Regardless of your personal answers to those questions, it’s worth examining the evidence about the effectiveness of police reform. The first investigation of police misconduct was undertaken in New York in 1894, after public complaints of police officers bludgeoning citizens with their nightsticks. The Wickersham Commission investigation of 1931 examined the rampant corruption amongst local police, who were regularly hired by city politicians to help rig elections and persuade public political participation, in addition to committing violent physical assaults on citizens. The Commission recommended reforms aimed at professionalizing the police—refocus police departments on responding to and preventing crime, and improve hiring and training standards, to name a few. Although the nature and methods of policing have shifted over time, the cycle has remained relatively unchanged. Police misconduct, public calls for reform, and subsequent investigations continued into the 1950s, 1960s, all the way into the 1990s, and still, the violence and corruption continues today.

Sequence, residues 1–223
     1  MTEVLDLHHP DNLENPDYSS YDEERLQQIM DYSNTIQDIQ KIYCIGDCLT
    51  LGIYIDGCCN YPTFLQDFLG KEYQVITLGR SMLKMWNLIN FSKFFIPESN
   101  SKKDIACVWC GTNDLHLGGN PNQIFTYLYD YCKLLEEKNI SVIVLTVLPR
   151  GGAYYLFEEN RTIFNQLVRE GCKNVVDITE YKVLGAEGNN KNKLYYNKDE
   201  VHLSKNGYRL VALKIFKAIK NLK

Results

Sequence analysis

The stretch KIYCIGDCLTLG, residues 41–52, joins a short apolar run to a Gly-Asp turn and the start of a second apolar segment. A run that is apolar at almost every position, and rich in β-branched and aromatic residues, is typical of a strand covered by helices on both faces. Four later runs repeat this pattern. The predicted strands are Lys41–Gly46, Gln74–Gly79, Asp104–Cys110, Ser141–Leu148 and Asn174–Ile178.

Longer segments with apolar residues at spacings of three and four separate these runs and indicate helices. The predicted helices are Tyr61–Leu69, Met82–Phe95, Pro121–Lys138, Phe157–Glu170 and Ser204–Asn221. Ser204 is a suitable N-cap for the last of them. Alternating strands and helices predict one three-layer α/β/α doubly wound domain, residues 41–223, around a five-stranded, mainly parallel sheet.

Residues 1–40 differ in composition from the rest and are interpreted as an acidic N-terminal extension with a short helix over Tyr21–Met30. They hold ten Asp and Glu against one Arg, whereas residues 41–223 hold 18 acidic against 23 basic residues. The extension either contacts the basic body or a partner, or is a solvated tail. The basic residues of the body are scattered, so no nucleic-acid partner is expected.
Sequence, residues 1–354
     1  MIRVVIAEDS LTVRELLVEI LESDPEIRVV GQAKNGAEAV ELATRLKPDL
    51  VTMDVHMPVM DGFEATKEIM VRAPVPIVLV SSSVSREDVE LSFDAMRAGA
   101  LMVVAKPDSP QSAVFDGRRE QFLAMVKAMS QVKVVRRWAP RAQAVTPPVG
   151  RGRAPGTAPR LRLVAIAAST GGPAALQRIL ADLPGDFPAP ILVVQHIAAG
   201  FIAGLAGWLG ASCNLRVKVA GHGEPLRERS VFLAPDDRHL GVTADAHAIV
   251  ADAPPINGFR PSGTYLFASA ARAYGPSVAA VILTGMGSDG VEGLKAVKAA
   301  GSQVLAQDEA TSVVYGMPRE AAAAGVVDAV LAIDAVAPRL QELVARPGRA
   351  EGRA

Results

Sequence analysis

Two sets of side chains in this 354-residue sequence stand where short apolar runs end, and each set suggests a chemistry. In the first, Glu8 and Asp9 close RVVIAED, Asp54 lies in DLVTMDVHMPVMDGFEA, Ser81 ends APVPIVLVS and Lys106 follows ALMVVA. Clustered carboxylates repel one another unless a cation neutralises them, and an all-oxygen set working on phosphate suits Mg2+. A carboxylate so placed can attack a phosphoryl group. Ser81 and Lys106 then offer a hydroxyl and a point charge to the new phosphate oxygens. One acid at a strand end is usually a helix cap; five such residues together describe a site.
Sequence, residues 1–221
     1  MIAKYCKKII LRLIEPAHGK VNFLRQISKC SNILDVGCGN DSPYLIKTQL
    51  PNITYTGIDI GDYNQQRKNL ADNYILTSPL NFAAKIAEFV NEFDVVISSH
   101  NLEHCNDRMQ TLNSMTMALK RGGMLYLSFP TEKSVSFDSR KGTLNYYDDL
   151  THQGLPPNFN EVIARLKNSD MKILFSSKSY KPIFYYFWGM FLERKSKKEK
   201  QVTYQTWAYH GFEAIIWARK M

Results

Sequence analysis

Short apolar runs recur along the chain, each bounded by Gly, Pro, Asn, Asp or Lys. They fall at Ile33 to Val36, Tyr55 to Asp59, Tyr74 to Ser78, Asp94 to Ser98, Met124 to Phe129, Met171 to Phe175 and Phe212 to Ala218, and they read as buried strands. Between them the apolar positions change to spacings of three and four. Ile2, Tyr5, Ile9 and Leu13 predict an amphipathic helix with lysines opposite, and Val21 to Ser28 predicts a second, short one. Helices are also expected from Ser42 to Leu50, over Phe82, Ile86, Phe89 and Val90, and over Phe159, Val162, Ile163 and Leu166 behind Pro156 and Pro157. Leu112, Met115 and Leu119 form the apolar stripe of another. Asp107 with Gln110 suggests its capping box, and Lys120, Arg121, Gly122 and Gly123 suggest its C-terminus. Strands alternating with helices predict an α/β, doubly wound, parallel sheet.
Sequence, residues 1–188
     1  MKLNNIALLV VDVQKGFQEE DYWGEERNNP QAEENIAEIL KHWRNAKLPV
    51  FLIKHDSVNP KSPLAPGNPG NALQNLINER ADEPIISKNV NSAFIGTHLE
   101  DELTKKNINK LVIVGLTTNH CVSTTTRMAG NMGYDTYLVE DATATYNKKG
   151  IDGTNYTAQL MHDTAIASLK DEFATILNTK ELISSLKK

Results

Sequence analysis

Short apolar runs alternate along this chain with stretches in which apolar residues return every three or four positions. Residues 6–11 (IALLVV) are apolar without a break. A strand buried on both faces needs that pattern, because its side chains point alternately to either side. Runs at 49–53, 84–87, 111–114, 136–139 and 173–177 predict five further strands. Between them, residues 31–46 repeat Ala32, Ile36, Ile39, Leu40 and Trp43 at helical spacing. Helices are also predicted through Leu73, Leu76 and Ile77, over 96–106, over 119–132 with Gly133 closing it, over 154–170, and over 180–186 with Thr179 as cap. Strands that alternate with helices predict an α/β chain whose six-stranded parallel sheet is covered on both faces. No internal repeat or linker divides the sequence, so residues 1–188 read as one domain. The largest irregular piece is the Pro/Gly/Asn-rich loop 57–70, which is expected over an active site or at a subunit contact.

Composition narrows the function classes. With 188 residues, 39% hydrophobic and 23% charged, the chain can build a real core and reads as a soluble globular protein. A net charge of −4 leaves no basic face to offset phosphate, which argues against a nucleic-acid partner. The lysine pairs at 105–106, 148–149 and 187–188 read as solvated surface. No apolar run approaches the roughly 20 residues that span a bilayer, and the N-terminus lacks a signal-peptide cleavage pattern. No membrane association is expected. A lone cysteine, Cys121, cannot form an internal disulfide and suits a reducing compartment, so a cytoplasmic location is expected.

Modern calls for police reform have included a variety of efforts aimed at changing police training and/or instituting stricter regulations on police behavior. One popular reform campaign that appeared this summer was the #8CantWait campaign, which recommends 8 “data-backed” reform policies such as banning chokeholds, requiring a warning before shooting, and instituting more comprehensive reporting. While these policies seem appealing on paper, many large police departments (including the LAPD and NYPD) have already implemented over half these policies, and police misconduct and violence still run rampant in these cities. 

Rules and regulations are worth nothing if the police don’t follow them, and evidence shows us they don’t. Police officers have no incentive to follow the rules because they are comfortably assured that if they break them, they will experience little to no consequences. Police unions have tightened their grip on local politics in order to block reform efforts, and qualified immunity guarantees that police can’t be held accountable for violating the constitutional rights of the citizens they supposedly protect. Reforms continue to fail because there is no accountability system.